Rebecca Bradley said...

For me this is a pretty difficult question. I'm not sure where the idea's come from, they just seem to float randomly around in my head and sometimes they morph into something I can actually write.

At the moment I've just started my second WIP - A crime novel. At first the idea for the story looked great, then after a bit of researching I thought it was way above my head for a second book, my head wouldn't let it go though, so here I am a couple of thousand words into it and seeing where we go.

Ramona said...

Love the comment about the time-killer, golf. All sisters must be alike.

I get a lot of ideas from objects I see. Yesterday, driving to a movie, I saw a particular thing propped up against a fence and I thought, "Oh." And by the time I got to the movie, I had a story.

I hope the beginning of 2012 is less stressful, Martha. I'd love to hear more about that short story.

Martha Reed said...

Hi, all. The only stress now is that I don't want to be at work - I want to finish my story.

Another thing I noticed is that I seem to keep a stock of images or emotions always in the back of my mind and when I come to a point in the story when I have to imagine what one character is doing, I remember what I felt when that sort of event happened to me, or remember something I saw, and use it.

Jenna said...

I mail-order mine from a small general store in Nebraska.

Jenna said...

On a more serious note, I have no idea where ideas come from. Everywhere, I guess. The origins of some are easier to pinpoint than others. For the 4th DIY book, the human trafficking one, it was just seeing stories about human trafficking on the news. That YA mystery I wrote a couple of years ago - it hasn't gone anywhere yet, but I have hopes - started because a friend on another blog complained that there weren't enough mysteries for teens out there. I thought, "I can write one of those!" The concept come from the title, and the title came from a trip through Virginia in the car, and that's all I'm going to say about it. As for the SFRs, it's Will's fault. Him and his flash fiction smackdown. I don't know where Quinn came from, though. He was just sitting there in prison on the moon when I met him. Something in my subconscious, I assume. :)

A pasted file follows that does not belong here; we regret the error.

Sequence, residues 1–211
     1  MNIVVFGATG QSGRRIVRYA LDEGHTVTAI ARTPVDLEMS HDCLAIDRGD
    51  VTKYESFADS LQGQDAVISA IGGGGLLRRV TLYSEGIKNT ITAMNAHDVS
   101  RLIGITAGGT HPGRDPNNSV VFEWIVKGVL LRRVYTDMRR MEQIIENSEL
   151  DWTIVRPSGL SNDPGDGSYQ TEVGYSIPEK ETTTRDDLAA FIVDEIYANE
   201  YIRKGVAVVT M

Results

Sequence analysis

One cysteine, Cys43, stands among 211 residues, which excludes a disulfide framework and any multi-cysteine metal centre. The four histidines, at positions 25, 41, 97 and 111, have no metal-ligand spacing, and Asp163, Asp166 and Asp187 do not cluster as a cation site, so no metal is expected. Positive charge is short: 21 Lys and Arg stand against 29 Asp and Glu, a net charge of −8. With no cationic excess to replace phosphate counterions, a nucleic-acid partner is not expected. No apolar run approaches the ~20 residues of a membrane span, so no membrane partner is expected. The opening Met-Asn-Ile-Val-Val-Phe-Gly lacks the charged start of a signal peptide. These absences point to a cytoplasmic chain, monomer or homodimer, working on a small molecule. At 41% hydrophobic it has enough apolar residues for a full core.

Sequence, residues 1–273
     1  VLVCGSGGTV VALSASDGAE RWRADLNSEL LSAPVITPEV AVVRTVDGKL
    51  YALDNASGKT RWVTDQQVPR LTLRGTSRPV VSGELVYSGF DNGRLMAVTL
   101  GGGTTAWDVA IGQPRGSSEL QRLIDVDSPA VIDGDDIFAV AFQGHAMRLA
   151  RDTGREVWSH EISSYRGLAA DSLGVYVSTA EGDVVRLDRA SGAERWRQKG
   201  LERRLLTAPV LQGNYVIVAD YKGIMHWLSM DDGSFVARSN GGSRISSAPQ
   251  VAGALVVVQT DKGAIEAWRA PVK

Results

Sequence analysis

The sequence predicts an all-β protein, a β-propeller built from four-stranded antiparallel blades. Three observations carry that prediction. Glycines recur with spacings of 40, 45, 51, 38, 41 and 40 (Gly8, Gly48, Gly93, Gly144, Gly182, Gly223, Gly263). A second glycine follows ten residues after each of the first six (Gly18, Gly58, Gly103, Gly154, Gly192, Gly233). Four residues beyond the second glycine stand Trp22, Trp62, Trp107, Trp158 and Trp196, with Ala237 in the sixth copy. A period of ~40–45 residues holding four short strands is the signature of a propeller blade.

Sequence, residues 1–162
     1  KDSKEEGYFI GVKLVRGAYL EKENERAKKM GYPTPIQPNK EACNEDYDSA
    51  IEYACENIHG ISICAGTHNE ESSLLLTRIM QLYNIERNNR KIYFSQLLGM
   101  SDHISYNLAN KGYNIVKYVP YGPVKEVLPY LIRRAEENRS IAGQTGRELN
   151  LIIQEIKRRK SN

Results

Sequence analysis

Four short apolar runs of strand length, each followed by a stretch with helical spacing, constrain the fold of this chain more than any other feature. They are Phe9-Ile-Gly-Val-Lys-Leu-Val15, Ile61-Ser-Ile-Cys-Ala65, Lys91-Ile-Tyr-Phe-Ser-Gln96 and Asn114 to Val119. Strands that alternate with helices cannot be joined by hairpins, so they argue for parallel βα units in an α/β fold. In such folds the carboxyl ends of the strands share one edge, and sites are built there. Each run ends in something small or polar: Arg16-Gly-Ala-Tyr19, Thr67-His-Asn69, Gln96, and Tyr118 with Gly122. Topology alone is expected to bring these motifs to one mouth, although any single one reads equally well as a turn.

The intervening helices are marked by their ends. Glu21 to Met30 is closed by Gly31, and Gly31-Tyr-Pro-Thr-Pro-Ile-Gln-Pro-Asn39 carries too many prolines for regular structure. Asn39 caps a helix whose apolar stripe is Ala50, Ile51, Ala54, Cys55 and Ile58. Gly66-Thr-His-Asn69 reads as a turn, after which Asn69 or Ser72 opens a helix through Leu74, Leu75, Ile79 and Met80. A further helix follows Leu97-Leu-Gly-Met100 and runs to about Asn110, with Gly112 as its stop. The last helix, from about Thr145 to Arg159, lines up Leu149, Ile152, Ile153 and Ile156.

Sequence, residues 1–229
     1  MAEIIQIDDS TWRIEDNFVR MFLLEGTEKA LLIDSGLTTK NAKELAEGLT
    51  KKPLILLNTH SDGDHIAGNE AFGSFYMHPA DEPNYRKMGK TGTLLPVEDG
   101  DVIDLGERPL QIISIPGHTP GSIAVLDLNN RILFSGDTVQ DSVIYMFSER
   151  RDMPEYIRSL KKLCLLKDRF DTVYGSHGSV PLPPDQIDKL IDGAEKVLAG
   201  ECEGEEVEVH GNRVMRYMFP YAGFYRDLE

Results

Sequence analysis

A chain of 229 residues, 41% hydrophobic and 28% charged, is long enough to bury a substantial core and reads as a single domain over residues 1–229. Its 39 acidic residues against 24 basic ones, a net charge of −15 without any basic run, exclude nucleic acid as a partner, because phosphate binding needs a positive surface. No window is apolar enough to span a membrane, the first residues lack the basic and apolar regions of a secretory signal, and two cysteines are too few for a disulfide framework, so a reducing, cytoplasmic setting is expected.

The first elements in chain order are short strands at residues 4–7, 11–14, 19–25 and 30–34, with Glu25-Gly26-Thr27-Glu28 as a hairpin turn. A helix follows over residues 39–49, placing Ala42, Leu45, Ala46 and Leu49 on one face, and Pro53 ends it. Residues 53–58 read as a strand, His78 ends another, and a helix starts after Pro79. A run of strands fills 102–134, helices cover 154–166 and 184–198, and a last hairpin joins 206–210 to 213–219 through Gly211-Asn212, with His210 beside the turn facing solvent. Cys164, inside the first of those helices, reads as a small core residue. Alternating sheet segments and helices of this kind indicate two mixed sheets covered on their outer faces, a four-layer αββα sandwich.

Martha Reed said...

Good thing that subconscious is always cooking!

Annette said...

What a great question. I have no answer. Frankly, I like Jenna's original response and want the address to that mail order store.

Okay, I'll take a shot at answering this. I've had ideas come out of dreams and others have come out of newspaper stories. Some have come out of horrible, senseless things that have happened to people I know. Only when I turn those into a story, I have to make sense of it. Those ones are cheap therapy.

Mary Sutton said...

Interesting question.

The idea for the novel originally came from my husband, and then you (Martha) expanded on it during this year's retreat at Confluence.

The short story came from that same retreat.

I'm now thinking about hashing out a story around Annette's comment about finding a wedding ring on the side of the road. It would most likely be a short story using the same character as the first one.

So I guess my ideas come from things I hear from other people.